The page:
Tributes have been paid to a Blackburn man who has died whilst on a visit to Saudi Arabia.

Ḥāfiẓ Ismail Ahmed Sidat, who lived in Harwood Gate died on April 20 and was buried in Madinah (Medina), the second holiest city for Muslims. He had fallen severely ill whilst on the visit to the holy lands and was admitted to the Mustashfa Al Aam (The General Hospital) in Madinah.

He remained in hospital between 13 April and 15 April and was later discharged and moved to the Frontel Alharithia hotel until his death.

Ḥāfiẓ Ismail was well known to many people in Blackburn and had run a second-hand shop in Mill Hill, owned a newsagents in Darwen and before the Covid pandemic had worked at Blackburn College.

His funeral prayers were held after morning prayers in the Al-Masjid an-Nabawi known as The Prophet's Mosque before burial at the Baqi cemetery close by, which it is said to be the final resting place of thousands of the companions of the Prophet Muhammad.

In a special tribute Dr Yusuf Shabbir, who was in the city at the time and attended the burial wrote: “Ḥāfiẓ Ismail was not a qualified scholar or a famous person. He was a ‘normal person’, yet special in the eyes of Allah.

“He had a close attachment with the Ḥaramayn (holy mosques) and had an ardent desire to visit them since being diagnosed with cancer. His wish was eventually realised; not only did he visit Ḥaramayn (holy cities), Madīnah became his final resting place.”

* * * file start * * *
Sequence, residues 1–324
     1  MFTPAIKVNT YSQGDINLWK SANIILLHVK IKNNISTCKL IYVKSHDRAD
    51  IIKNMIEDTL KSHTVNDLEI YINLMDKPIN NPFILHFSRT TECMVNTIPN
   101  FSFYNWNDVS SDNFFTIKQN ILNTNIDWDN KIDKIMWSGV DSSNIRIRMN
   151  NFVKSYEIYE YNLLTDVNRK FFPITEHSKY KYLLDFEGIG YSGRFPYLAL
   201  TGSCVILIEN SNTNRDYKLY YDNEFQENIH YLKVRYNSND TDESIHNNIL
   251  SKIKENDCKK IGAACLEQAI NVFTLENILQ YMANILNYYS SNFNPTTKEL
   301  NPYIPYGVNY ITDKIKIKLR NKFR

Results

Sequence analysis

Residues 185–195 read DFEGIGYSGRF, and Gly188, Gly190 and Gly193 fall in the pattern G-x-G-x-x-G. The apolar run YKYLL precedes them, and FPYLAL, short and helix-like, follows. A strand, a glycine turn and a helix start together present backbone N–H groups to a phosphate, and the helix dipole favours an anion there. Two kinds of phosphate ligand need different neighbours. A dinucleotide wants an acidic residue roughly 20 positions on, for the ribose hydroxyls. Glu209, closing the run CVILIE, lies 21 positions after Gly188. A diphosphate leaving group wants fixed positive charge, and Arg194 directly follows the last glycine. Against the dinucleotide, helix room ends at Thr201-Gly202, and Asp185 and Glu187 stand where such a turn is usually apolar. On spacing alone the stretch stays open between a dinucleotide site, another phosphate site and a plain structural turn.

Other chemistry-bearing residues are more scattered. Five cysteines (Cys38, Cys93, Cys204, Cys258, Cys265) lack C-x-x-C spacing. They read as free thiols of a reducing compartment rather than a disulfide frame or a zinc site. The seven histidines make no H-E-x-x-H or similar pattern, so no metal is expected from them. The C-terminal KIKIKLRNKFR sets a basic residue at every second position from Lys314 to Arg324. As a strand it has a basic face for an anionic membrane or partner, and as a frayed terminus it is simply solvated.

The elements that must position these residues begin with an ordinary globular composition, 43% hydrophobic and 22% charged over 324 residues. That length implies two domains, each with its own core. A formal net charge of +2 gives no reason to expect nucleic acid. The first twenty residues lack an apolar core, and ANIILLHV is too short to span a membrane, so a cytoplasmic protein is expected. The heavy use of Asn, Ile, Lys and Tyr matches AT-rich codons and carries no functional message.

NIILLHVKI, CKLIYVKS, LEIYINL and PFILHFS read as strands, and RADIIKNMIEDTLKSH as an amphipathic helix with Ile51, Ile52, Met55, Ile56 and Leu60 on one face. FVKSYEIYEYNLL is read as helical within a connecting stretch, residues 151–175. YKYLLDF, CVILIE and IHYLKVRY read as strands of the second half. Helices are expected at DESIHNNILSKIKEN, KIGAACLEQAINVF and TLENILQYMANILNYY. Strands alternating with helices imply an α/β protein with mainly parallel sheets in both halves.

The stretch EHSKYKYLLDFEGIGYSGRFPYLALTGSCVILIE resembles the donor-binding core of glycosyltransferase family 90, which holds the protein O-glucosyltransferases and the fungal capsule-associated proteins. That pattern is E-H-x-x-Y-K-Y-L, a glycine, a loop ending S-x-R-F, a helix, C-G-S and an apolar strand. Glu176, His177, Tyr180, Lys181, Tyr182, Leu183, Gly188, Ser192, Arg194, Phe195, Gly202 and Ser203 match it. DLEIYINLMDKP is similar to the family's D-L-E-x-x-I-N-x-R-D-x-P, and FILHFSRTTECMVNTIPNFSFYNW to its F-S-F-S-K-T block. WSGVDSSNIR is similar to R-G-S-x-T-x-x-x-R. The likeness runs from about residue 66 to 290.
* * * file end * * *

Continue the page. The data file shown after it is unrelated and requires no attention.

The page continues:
Detailing the final prayers he said: “The body was placed outside the Masjid (mosque). As we entered the Masjid, the officer responsible asked me for the Baqīʿentry slip and the nationality of Ḥāfiẓ Ismail. He expressed his surprise and commented on his good fortune.

“In Masjid Nabawī, there is an allocated space next to Riyad al-Jannah for the family of the deceased. We performed prayers here and waited for the Adhān (call to prayer) of Fajr Ṣalāh (morning prayers).

“Fajr Ṣalāh finished at 5am and Janāzah (funeral prayers) was performed immediately thereafter.

“There were five Janāzahs in total; four adults and one baby. After the Janāzah Ṣalāh, we took the body to the Baqīʿ graveyard. Several people from the UK also joined on route to Baqī. Many others joined.

“After the burial, we visited the grave of ʿUthmān, the third caliph of Islam (may Allah be pleased with him).

“I regard it as my good fortune to have assisted in the burial arrangements and participated in the prayers and burial. On reflection, this was only through the mercy of Allah Almighty and His plan. Sometime a person plans with a specific purpose in mind only to realise later that Allah Almighty has other plans.”

Ḥāfiẓ Ismail’s daughters Aishah, Hajra and Zohra said in a tribute: “He showered us with affection, sitting with us, holding our hands and chatting about anything and everything. He cried for us often.

"He could not sit back and watch injustice, or people being oppressed. He would always stand up to it, be vocal about it, he cared deeply and often had tears for strangers too.

“He had a special way with people from all walks of life, from the young to the old, regardless of race, colour, religion or status. He made them all feel special and valued.

“He often donated to families in need in India when approached, even his immediate family were not aware of the extent of this and how many families he supported in this way.”

Asian Image:

The final resting place of Ḥāfiẓ Ismail (Images Dr Yusuf Shabbir)

Ḥāfiẓ Ismail’s son Muhammad said: “I feel blessed to have been given the opportunity to spend a lot of time with my father over the last few months which has opened my eyes to his true nature, a nature that was perfectly highlighted by the most perfect of endings.